Maija Perfiljeva's Design Narrative: New Hire Induction Rejuvenation
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24 March 2013
At the time I worked as HR Learning and Development specialist in a financial company (Company X), responsible for full life cycle of New Hire induction program.
New Hire Induction aimed at introducing new recruits into company, familiarise everyone with essential departments, products and procedures applicable to every employee. It did not aim to teach specific job skills.
Target audience (new hires) was quite diverse, as program was offered to everyone, regardless of their position with the company, so it could include executive managers, as well as specialists.
The program was scheduled to run for three days, in the Company X Training Centre office. During those days new hires were meeting with representatives and/or managers of various key departments (e.g. Marketing, HR, Legal, etc) and would learn about purpose, structure and operations of each departments, as well as their role in support of products offered by a company. Essentially, 3 days of meetings and greetings, with some information on company's history, core values and general policies in between.
My main objective was to make the induction program be more structured, less chaotic and less boring for the audience. My measure of success was the satisfaction survey which we asked every participant to fill in.
First of all, I reviewed the satisfaction survey form. Original form asked participants to evaluate every presentation on the scale of 1 to 5 (5 being awesome). I expanded satisfaction form with fields for comments and added instructions to provide comments for any marks below 4. I did this to gather specific information about low satisfaction with some of the presentations.
Secondly, I reviewed the presentations included in the agenda and arranged them in more logical order, covering company's history and values first and going towards products and related procedures and departments.
Then we ran a couple of induction sessions to gather feedback through satisfaction surveys, as well as measure any changes in evaluation.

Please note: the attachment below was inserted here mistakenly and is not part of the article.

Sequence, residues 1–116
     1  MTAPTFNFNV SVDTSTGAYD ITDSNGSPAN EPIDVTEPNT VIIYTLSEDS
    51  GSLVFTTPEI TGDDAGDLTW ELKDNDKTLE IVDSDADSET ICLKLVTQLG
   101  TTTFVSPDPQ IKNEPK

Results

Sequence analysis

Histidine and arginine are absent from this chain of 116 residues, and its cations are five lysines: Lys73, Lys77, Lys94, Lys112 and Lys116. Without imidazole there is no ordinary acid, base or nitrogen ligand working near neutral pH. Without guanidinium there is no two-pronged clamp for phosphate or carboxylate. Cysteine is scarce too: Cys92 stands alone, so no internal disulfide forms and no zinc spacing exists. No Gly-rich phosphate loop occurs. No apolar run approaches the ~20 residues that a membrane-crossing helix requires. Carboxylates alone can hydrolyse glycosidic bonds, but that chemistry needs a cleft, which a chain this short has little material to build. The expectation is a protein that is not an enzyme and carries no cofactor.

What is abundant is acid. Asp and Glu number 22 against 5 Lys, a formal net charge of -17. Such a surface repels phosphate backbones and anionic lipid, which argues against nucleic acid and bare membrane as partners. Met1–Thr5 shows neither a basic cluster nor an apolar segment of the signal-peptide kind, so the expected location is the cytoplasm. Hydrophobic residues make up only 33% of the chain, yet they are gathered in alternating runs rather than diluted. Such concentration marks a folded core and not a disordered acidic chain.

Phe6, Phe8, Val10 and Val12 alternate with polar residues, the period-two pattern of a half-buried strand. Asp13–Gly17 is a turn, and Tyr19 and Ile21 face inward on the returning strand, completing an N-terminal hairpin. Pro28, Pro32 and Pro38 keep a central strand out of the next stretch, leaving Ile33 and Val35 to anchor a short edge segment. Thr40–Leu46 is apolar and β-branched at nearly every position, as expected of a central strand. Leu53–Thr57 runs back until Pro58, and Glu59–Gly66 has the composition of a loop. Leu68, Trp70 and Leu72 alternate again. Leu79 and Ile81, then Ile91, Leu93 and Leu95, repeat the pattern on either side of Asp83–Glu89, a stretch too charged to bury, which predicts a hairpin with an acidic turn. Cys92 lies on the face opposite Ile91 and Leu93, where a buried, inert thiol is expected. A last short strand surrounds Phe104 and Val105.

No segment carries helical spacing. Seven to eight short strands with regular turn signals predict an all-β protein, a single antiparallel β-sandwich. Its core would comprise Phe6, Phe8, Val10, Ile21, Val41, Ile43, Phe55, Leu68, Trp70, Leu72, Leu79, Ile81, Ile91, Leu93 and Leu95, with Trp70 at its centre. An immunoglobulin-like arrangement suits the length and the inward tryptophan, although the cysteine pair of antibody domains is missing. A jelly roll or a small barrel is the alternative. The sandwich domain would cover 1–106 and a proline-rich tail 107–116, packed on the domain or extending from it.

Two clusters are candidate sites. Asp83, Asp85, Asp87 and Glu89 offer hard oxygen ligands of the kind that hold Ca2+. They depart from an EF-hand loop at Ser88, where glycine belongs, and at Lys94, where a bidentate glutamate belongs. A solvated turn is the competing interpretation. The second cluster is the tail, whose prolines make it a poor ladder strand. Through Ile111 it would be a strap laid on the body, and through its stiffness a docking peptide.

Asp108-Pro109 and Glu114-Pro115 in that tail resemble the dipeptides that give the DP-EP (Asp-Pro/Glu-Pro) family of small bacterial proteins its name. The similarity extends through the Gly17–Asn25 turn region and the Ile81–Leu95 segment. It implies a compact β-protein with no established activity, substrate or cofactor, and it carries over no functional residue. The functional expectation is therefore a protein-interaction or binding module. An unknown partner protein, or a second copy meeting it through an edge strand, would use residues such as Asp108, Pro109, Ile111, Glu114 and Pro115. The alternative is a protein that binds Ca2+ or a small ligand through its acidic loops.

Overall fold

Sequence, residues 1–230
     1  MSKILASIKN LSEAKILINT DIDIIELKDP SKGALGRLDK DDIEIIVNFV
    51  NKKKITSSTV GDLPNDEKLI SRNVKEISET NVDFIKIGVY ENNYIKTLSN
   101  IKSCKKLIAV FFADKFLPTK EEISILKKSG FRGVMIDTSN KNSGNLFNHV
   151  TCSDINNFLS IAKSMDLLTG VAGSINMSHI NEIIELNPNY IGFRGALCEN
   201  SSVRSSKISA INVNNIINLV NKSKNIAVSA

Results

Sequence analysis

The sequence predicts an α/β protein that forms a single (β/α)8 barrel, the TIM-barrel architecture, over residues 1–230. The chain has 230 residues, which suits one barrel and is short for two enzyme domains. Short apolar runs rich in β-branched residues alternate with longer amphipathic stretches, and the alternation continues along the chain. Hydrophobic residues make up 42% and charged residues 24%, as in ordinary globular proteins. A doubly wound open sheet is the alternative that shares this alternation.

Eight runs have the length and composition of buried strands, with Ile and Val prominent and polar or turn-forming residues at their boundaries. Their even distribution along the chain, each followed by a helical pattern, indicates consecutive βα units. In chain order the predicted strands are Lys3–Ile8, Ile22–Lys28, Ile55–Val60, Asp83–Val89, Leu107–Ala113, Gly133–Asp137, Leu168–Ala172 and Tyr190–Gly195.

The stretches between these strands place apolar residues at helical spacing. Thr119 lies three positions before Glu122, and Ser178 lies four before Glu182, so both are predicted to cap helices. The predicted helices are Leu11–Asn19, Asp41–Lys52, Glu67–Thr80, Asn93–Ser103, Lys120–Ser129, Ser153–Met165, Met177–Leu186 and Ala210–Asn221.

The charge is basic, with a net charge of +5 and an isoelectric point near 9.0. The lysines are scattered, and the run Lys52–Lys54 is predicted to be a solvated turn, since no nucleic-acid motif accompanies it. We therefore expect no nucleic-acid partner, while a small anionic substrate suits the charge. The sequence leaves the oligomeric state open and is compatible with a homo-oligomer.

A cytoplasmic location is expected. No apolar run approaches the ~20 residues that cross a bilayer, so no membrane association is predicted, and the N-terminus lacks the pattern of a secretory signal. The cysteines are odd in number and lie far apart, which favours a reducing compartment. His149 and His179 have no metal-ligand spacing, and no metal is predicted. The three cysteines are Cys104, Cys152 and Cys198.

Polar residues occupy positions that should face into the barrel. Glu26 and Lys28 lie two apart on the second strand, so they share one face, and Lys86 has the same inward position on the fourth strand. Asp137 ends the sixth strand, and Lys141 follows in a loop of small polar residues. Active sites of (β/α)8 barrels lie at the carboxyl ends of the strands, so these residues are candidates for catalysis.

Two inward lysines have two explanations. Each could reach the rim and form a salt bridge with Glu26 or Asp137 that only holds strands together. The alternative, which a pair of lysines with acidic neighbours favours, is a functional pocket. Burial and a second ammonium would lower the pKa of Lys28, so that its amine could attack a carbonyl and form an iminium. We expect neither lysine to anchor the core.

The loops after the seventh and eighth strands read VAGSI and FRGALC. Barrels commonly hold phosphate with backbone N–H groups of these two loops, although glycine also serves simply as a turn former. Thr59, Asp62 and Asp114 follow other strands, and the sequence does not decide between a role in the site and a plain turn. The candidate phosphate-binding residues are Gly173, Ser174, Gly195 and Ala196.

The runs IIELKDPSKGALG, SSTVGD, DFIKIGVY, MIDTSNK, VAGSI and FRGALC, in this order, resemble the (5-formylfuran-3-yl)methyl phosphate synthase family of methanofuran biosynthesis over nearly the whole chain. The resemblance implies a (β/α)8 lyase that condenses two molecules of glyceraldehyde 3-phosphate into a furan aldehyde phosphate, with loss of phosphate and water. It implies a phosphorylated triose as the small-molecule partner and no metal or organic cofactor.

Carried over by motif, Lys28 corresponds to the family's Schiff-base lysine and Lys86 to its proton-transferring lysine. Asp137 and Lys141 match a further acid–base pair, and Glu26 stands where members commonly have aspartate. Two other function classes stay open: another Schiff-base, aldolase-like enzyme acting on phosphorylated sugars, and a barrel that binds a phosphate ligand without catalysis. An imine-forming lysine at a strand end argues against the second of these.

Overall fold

Once specific comments from the audience were gathered, I reviewed them and worked together with the authors of least successful presentations to introduce constructive changes based on audience's feedback, e.g. restructuring the narrative, removing some of the topics, expanding some of the points participants found most useful, adding activities which would involve audience members. It was interesting to see that all of the presenters were extremely interested in getting to know their "survey results", however, not everyone was cooperative and forthcoming as far as changes were concerned. While majority of presenters were willing to make changes, it was very challenging to inspire change in those who needed to present compliance-related information.
In addition, I introduced some ice-breakers and energizers between lectures.
Once these changes were in place, we ran three more induction sessions with new content and compared the ratings received from satisfaction surveys with our previous results.
As a result, we achieved the increase in satisfaction rating from 3.5 to 4.7 (average score given to the question "How satisfied were you with induction training?"). Overall, audience satisfaction survey reflected increasingly positive reaction from the audience and we could also observe that in-class behaviours were not indicative of boredom. In addition, through informal conversation I could hear that new hire induction was great for introducing other departments, getting to know each other and building relationships.
In this particular case, as obvious as it may sound, I learned that opinion/satisfaction surveys should always have comment fields, as numbers alone look fancy in the reports, but don't give practical information for experience design. Secondly, I was happy to see how interesting but tiresome program can be turned into an engaging and informative session.